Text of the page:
Wednesday, October 27, 2004

I've lured Pat out into the open.

Pat responded to me calling him out in an earlier blog entry. You can read his entire comments a little further down. I'm going to quote a couple of passages.

Basically, a D20 Modern (yes, I still sing it's praises) game, taking chunks of OGL steampunk, BESM, CoC D20 and ADVENTURE! Adressing my Winter Steele theorum, probably there would be suitable mods for ramping up players, maybe Action Points for benny action, nine lives or dramatic healing from Skull&Bones, even giving all PCs the Daring Template. I'd have to account for money/wealth, magic item availability, power level, cost, function, spells and other dissonant elements. Greyhawk is tenuously high magic in concept, but I'd prefer, as a lazy GM, to leave the 5th level spell limit of D20MOD, and make odd effects by GM fiat and greenronin's Modern Magic ritual system.

See, this is the reason why I think Pat is the kinda guy who should be running d20. He can take disparate items from various publishers and combine elements from them to actualize a clear vision. Pat has the potential to be the Doctor Zharkov of d20.
Here's the part where it gets tricky:I do think of this stuff, but have similar questions to you, ie: who'll play this? couldn't I just use Savage Worlds? Am I, Gamist, comfortable with storytelling? I've run dungeons before, but a campaign? mini campaign? how far from source am i going? spiralling house rules ending in fantasy heartbreaker wannabe? Will the kids dig Shadowrun minus the net?
All of those seem like good questions to address prior to undertaking this sort of Frankensteinian system mayhem. "Couldn't I just use Savage Worlds?" is a question I've asked myself more than once regarding the Six Islands. I have yet to find a good answer, but I'm always reminded of a thread on from about a year ago. Some 3E dude was wanting to initiate some non-gamers and rules-light types. He was fishing around for a watered down version of D&D with easier char gen and less maddening combat. Guess what got suggested? (Of course, part of me is still holding out for Castles & Crusades. I'm hearing a lot of chatter about how the new book allows for a lot of d20 stuff to be bolted onto it with little fuss.) It was then that I started to realize exactly how closely the systems were aligned. Compared to, say, Storyteller or the majority of indie stuff coming out of the Forge, SW looks a hell of a lot like 3E's ornery little brother. The teachers at D&D's old school probably think they know exactly how SW is going to act in their class. I guess I'm now in do-as-I-say-not-as-I-do territory as I type this, but I kinda think that if it takes Savage Worlds to get your game into actual play, then go ahead an use Savage Worlds. I don't take my own advice for several reasons:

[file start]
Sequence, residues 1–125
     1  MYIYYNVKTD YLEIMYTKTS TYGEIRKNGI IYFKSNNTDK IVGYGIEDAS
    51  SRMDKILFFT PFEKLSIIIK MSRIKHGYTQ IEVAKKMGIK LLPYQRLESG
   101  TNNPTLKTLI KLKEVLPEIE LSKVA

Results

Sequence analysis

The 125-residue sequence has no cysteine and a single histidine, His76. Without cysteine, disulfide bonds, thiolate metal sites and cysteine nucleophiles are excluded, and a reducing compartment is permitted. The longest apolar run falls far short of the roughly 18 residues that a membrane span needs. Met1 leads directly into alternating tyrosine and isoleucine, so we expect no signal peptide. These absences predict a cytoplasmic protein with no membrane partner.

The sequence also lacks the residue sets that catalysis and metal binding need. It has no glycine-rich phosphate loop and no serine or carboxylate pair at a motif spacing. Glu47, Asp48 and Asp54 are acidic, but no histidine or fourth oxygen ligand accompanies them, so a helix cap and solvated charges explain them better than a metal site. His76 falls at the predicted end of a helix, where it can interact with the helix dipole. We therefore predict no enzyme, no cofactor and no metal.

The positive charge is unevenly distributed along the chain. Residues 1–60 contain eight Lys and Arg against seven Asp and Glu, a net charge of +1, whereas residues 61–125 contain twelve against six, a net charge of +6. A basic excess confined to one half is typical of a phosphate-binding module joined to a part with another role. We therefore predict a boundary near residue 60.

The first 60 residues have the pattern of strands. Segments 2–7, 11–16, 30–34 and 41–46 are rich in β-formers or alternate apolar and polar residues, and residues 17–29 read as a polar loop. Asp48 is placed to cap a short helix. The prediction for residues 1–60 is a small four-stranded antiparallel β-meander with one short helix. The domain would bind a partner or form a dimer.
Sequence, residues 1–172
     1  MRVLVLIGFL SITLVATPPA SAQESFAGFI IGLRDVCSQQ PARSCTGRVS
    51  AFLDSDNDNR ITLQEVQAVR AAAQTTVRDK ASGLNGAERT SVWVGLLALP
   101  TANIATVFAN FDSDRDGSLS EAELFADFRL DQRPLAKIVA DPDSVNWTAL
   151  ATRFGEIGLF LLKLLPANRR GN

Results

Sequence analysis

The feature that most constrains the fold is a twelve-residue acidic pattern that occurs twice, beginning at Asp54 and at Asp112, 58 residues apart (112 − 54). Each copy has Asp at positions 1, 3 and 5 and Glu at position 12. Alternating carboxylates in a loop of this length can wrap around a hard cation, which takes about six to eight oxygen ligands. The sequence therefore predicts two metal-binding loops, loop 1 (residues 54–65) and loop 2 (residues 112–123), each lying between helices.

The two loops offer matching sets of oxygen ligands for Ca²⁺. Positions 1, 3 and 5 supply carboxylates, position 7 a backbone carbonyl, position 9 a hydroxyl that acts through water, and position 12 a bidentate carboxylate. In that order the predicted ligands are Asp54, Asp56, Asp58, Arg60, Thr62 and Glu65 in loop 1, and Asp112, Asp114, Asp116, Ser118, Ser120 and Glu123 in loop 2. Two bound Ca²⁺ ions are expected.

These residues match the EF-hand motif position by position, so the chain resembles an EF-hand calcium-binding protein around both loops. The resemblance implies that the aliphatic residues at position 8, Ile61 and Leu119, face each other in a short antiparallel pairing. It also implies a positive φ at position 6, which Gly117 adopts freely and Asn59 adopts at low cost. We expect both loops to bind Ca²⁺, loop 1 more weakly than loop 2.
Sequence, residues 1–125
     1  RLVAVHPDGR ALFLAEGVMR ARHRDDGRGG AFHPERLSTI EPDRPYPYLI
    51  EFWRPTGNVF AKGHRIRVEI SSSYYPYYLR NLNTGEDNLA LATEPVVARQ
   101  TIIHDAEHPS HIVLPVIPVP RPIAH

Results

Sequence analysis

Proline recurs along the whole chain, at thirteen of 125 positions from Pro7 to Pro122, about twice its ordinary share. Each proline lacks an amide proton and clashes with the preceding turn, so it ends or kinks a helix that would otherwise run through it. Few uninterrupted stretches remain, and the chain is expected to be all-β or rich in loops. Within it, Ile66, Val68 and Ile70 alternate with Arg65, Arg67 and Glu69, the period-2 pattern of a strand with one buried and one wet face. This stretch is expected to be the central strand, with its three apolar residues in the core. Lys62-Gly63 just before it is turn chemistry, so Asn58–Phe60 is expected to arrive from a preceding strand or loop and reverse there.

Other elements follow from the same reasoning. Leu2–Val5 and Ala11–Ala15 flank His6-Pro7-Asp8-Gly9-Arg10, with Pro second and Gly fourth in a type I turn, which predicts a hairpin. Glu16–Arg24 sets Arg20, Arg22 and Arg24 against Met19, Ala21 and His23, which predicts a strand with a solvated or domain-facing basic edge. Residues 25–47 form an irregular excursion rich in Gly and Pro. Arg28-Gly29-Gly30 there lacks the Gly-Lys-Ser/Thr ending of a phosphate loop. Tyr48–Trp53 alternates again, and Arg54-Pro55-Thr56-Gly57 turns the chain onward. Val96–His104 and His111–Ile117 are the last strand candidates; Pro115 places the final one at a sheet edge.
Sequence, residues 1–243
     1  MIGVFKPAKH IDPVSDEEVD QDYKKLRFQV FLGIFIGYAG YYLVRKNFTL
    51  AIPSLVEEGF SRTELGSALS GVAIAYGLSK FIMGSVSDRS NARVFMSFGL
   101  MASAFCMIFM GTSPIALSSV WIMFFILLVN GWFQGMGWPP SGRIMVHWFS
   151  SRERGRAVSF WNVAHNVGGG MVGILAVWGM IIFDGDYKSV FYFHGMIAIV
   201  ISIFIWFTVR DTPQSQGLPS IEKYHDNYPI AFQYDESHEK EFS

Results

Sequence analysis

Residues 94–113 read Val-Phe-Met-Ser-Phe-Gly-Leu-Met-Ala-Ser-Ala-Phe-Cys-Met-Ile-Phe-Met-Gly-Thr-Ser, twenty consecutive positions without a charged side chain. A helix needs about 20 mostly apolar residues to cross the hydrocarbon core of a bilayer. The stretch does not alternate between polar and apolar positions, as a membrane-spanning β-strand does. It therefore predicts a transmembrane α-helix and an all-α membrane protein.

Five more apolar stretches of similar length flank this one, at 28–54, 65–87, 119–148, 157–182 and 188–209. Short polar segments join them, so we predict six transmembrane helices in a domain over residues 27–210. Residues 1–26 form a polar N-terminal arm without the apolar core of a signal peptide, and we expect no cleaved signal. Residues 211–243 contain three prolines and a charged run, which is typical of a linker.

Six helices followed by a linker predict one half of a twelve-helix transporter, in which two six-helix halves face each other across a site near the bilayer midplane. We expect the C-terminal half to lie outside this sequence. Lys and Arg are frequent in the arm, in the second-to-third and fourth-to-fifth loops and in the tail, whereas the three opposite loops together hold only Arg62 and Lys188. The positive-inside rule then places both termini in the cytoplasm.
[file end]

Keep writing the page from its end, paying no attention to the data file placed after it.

• I'm a D&D man. To run a fantasy campaign without using D&D just plain rubs me the wrong way. Especially considering how much money I've invested in umpteen editions of the rules.
  • Part of the initial concept of the 6 Islands Campaign was to do D&D with a more freak-intensive setting. To switch to a non-D&D system would be like painting an oil painting with watercolors. You still have a picture when you're done, but it ain't an oil painting.
  • I'm a hugeass hypocrite.
Let's move on, shall we? I don't like dwelling on that last point too much. As far as the relationship between gamism and campaigning, I really don't think one has to wander far from a gamist agenda, nor do you have to drop the dungeon as your paradigm. Many mission-based campaigns I have seen are nothing more than dungeon-of-the-week play with implicit victory conditions. That's why I explicitly structured my last AD&D campaign in that manner. All you need is a meaty hook that easily sets up missions. Maybe the PCs are a squad of Lara Croftian artifact hunters, seeking out relics for the forces of the Hierophants. Maybe they are the Queen of Celene's League of Extraodinary Half-Elves, and engage in weird espionage type assigments. Or maybe you ought to just stock a huge outdoor map so we can play explorers into Darkest Hepmonoland. Or swipe my idea of renaming the Horned Society as the Thule Society and make the campaign all about breaking Nazis. I hate those guys. With just a little bit of this sort of structure, scenario writing becomes much easier. Hell, you could rip off the plot of The 13 Ghosts of Scooby-Doo and make each ghost the boss monster of a different mini-dungeon. There's a 13 session mini-campaign right there. [beavis voice]Thank you, drive through.[/beavis voice]

Frankly, I see no reason why you should give a crap about creating a "fantasy heartbreaker wannabe". You're not looking to publish this idea, are you? You can be as kinky with d20 as you want in the privacy of your own home. Scaring off players is a legit concern, but at least we have a player pool to draw on. I think "guns in dungeons" ought to draw in a goodly portion of the D&D set, especially when we're talking about a d20 operation. If you put together a good players guide with full character creation rules, a useful combat summary, and a minimal campaign overview, I bet you could get the two or three extra people needed to get this puppy rolling.

"Will the kids dig Shadowrun minus the net?" God I hope so. The future is here and teh intarweb suxxors. These days I wouldn't be able to run a hacking sequence with a straight face if my life depended on it. "Okay, you spend d8 days sifting through pornsites and Nigerian scams only to find that your target is running a Windows box. No need to roll to infiltrate."

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